Don’t be too surprised if Google Maps suddenly starts looking different soon. Google announced a rework for the Google Maps normal map tileset which will now pull in color data from satellite imagery. Google published a few before-and-after comparison shots, which we’ve aligned with the source satellite images in the gallery above.
The company is also tweaking the color palette for a more vibrant map—ocean blues are bluer, forest greens are greener, and the map now even shows snowy mountain peaks in white and barren land in brown. The world is a big place, so of course, this is all happening algorithmically. Google explains:
Google Maps has high-definition satellite imagery for over 98 percent of the world’s population. With a new color-mapping algorithmic technique, we’re able to take this imagery and translate it into an even more comprehensive, vibrant map of an area at global scale.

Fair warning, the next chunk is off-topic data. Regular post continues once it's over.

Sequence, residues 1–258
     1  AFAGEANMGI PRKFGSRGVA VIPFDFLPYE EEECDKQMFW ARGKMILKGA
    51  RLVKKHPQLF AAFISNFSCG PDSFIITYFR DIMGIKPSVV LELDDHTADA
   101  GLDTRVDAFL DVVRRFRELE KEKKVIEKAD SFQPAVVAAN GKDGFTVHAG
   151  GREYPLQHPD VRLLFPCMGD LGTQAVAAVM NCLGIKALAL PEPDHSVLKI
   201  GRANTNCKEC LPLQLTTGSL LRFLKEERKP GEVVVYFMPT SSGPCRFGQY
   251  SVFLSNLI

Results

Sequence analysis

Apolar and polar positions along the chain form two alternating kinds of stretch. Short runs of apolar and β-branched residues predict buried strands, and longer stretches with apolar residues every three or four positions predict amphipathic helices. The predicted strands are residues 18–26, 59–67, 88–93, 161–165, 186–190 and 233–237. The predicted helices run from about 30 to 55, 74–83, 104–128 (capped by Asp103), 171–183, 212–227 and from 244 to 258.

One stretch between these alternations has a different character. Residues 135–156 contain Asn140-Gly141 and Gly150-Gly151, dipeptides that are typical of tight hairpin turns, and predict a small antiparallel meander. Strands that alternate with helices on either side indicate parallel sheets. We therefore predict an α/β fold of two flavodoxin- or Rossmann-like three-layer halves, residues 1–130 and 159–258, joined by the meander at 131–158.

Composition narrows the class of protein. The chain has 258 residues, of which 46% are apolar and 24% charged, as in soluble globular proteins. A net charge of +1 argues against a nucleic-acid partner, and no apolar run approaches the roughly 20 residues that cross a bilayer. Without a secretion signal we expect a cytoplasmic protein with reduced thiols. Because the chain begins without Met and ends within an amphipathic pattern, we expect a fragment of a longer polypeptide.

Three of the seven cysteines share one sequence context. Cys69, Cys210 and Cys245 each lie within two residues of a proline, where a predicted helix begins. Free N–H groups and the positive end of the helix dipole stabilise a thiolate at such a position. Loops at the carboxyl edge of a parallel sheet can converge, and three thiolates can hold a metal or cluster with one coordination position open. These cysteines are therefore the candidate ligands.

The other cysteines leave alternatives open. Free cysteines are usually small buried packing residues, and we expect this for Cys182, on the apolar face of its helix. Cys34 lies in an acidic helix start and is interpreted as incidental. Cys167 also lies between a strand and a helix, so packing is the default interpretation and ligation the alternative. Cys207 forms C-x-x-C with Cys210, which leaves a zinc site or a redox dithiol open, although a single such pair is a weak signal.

How exactly does this color-mapping technique work? First, we use computer vision to identify natural features from our satellite imagery, looking specifically at arid, icy, forested, and mountainous regions. We then analyze these features and assign them a range of colors on the HSV color model. For example, a densely covered forest can be classified as dark green, while an area of patchy shrubs could appear as a lighter shade of green.
Previously, the base map was only ever grey (normal land), green (vegetation and parks), or blue (water). The big addition is the coloring of dirt and snow. It’s not exactly clear what’s going on with the normal ground color. Arizona is now very brown, which makes sense as Google says it now “accurately reflects its desert landscape.” But another slide shows Morocco and a chunk of the Sahara Desert, but that’s… still gray? It seems like there are still some bugs to work out.
Google says the new color scheme is rolling out starting this week.